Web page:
This line (and the way Eddie delivers it) has a peculiar power: It creates a make believe person in my past that I actually can feel strong emotions for. I have to come clean; I have never been through a messy break up. Sure, I’ve been dumped and I’ve probably broken a heart or two along the way, but I don’t have that person in my past that makes me wonder “what if?” Somehow, this line from this song invents such a person in my past. It builds a feeling of longing and despair that there is someone who you just couldn’t work it out with.

(It doesn’t hurt that Eddie Vedder could sing the ingredients on an Altoids tin and make it sound like there is pain behind the lyrics)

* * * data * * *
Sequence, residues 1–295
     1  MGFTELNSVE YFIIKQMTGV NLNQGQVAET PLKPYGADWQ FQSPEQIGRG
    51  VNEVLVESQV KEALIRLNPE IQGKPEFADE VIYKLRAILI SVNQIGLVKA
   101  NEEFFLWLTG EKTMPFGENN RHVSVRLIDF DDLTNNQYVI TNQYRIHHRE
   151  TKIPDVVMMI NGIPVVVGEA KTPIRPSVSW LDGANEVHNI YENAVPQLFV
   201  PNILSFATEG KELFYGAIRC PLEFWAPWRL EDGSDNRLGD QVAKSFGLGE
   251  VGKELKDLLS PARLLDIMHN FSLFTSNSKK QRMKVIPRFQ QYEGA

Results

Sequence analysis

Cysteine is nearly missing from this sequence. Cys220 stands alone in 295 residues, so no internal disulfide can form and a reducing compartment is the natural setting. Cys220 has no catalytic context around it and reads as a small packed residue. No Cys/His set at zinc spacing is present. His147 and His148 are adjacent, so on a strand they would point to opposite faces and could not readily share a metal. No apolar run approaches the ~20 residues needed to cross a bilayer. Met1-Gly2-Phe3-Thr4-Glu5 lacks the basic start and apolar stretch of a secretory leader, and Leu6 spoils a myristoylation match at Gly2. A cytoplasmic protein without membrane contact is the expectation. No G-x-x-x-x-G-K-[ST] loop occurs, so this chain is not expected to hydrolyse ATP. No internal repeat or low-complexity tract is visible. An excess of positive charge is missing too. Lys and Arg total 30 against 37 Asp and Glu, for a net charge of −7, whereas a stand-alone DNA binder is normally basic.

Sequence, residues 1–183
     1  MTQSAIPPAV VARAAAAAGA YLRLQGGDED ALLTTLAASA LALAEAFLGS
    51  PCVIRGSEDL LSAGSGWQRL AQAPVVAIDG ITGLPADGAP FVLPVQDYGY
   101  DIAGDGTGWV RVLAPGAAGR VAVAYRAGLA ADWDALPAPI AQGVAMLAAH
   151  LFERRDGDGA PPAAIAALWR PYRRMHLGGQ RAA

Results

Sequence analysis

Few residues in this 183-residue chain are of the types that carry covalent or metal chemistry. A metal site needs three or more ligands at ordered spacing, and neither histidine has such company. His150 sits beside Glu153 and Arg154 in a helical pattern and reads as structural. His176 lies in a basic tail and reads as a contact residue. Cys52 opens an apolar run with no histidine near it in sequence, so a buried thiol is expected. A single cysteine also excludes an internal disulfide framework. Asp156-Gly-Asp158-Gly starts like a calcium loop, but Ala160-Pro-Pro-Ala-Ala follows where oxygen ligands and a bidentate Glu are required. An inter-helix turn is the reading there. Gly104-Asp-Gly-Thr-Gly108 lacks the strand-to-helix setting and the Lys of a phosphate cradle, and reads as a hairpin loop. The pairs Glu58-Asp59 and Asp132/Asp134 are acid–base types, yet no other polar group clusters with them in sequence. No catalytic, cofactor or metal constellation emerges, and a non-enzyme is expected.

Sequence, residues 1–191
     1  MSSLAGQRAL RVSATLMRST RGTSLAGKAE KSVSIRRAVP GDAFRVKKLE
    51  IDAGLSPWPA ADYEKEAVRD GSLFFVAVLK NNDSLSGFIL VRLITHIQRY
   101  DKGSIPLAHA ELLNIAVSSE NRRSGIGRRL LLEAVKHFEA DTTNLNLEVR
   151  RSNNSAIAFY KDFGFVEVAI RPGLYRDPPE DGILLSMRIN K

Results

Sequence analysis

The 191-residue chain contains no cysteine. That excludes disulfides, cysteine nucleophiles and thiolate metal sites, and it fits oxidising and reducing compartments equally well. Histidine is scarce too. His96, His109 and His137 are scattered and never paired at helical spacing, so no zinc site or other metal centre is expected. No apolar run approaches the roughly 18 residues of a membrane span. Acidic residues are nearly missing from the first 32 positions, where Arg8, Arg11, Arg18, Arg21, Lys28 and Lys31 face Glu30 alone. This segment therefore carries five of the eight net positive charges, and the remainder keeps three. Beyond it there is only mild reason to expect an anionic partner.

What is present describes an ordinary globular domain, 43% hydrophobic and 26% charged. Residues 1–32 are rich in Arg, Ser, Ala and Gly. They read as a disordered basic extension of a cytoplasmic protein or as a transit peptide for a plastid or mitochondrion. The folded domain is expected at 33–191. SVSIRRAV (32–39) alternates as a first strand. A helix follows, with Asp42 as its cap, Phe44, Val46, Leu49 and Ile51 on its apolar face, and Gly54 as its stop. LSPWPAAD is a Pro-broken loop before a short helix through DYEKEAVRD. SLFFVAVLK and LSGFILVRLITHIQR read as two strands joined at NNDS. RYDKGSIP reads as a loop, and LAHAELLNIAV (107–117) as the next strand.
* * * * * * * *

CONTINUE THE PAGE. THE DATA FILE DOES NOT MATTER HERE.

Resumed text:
8) “We’ll make the air with music ring, shout praises to our God and King!” -Mormons, Come, Come ye Saints

Sorry, you know I had to get all Mormon up in here at least once, right? I can’t imagine being an early pioneer. I can’t imagine being forced out of my home and made to trek west in a great modern day exodus, searching for a resting place and a place to escape the religious persecution they faced. I can’t imagine the hardships, the death, the lost children and loved ones, the despair... I don’t think I could do it.

That’s why this line gives me chills when I hear it. It starts off with what sounds almost like a marching beat, as if you can feel the resolve to get through the sentence. And just as poetically, it ends with immediate self-fulfilling prophesy; rather than sing the line, one quite literally shouts praises to God and King while describing their intentions to do just that. Thrilling.